This Dutch police revolver is an interesting example of technology being used as an element of police policy and procedure. The Dutch police administration in the late 1800s/early 1900s decided that officers should carry a blank round in the first chamber of their revolvers, a tear gas round in the second chamber, and actual live bullets only in the 3rd-5th chambers. This led to a problem of ensuring that officers were able to easily confidently know which type of ammunition they were firing at any given time – what if a cylinder happened to rotate while being drawn, holstered, or otherwise handled without the officer noticing? He might fire a live round when intended to use a blank, or vice versa.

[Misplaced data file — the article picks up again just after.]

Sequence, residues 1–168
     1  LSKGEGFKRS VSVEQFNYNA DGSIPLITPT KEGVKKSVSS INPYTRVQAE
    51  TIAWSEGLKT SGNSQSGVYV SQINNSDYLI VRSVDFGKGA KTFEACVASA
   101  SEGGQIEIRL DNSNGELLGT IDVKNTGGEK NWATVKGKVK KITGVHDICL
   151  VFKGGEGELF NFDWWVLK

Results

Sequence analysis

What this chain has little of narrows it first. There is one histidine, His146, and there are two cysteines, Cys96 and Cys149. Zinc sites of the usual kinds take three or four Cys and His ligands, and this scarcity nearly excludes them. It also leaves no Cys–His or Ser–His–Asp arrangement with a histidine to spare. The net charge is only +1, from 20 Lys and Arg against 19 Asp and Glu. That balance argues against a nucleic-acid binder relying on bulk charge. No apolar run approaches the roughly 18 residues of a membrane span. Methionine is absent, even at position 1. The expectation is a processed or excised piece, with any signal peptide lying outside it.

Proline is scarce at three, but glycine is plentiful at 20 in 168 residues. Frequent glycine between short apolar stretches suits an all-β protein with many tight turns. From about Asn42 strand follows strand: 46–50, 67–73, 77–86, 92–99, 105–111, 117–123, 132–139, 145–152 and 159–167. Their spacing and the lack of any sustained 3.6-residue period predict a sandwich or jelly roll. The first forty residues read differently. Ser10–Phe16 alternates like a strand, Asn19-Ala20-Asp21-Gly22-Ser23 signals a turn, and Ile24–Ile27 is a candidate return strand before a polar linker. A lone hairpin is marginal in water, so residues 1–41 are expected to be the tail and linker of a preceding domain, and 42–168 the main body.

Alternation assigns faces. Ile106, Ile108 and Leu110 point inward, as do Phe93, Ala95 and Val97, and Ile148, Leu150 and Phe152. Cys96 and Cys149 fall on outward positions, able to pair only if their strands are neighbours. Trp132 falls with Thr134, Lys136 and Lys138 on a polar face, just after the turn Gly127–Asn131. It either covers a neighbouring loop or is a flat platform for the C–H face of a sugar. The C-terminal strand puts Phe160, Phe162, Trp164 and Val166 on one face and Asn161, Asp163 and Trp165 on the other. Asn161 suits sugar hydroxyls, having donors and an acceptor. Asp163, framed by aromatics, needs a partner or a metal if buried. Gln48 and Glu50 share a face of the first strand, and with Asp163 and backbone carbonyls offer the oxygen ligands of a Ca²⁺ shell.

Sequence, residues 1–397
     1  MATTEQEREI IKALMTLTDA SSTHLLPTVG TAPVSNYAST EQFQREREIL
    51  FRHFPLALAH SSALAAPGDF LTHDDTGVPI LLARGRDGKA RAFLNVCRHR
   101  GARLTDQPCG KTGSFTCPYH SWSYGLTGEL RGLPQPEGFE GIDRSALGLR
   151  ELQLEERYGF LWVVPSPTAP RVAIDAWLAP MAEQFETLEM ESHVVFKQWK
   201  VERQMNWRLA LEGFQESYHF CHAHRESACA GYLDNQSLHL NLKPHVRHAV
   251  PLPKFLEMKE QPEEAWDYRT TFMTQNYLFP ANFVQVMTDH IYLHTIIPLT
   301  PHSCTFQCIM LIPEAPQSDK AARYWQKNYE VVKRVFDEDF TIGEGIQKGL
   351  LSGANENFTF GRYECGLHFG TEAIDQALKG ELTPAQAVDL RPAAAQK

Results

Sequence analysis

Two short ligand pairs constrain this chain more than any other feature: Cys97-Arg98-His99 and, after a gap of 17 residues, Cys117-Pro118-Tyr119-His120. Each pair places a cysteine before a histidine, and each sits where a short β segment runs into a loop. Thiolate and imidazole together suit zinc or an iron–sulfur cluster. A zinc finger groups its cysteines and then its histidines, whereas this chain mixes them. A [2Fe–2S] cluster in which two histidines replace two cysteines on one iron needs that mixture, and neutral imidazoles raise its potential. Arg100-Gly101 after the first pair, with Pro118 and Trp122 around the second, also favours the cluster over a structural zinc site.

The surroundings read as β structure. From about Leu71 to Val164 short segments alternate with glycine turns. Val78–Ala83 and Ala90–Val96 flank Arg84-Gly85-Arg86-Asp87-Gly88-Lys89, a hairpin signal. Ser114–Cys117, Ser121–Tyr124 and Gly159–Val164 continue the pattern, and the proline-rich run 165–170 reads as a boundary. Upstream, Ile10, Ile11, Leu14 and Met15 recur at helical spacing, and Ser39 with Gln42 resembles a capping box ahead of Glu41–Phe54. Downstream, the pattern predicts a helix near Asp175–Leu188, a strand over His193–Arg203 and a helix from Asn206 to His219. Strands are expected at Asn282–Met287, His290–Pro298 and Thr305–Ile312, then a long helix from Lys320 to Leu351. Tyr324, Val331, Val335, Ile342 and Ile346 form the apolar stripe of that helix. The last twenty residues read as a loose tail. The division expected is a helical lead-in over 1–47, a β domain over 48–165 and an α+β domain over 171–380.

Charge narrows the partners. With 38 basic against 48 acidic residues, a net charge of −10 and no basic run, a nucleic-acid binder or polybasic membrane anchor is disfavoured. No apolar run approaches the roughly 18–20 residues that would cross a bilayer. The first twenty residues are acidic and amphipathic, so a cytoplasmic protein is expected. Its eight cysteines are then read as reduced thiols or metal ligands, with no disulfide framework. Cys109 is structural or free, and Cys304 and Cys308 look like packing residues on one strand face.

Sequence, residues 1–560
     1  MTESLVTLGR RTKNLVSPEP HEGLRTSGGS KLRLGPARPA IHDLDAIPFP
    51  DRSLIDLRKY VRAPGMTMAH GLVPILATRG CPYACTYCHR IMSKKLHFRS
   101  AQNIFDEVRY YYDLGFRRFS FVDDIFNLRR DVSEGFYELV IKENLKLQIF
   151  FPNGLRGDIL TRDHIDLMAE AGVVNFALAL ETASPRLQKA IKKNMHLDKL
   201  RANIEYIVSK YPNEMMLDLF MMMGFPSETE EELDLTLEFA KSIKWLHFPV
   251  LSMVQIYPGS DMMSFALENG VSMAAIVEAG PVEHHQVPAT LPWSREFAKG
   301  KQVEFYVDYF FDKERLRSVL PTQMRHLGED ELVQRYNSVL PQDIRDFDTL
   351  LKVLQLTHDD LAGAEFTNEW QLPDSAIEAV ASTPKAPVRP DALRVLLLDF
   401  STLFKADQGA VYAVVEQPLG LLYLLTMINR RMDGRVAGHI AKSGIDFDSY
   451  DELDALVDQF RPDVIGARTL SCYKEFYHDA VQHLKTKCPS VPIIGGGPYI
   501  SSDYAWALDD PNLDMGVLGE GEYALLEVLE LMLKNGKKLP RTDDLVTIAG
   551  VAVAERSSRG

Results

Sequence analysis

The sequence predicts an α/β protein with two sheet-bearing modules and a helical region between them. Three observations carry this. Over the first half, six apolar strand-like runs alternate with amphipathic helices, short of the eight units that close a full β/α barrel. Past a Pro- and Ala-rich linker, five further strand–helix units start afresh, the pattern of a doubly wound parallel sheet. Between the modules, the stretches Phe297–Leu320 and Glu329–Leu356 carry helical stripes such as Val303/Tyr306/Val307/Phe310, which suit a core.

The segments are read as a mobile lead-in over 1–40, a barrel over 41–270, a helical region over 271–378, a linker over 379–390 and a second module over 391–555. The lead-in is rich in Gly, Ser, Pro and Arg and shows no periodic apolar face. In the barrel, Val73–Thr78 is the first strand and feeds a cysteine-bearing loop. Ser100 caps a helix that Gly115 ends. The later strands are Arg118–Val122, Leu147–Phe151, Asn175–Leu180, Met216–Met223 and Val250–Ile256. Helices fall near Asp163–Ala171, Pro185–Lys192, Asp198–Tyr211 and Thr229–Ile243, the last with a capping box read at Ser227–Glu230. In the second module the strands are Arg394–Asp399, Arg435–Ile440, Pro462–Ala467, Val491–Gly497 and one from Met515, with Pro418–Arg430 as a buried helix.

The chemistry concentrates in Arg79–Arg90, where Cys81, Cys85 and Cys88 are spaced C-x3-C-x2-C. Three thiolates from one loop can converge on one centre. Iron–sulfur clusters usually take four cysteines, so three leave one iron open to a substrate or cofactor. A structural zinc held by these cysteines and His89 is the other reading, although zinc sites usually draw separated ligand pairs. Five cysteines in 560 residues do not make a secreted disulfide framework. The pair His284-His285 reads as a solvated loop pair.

The solution was to add a large manual safety that would lock the cylinder in position, and add large marking to the outside of the first two chambers indicating which was which. Setting aside the wisdom of this sort of progressive cartridge selection, the mechanical adaptation of the police revolvers is an interesting thing to see, and one of a relatively small number of revolvers to have manual safeties.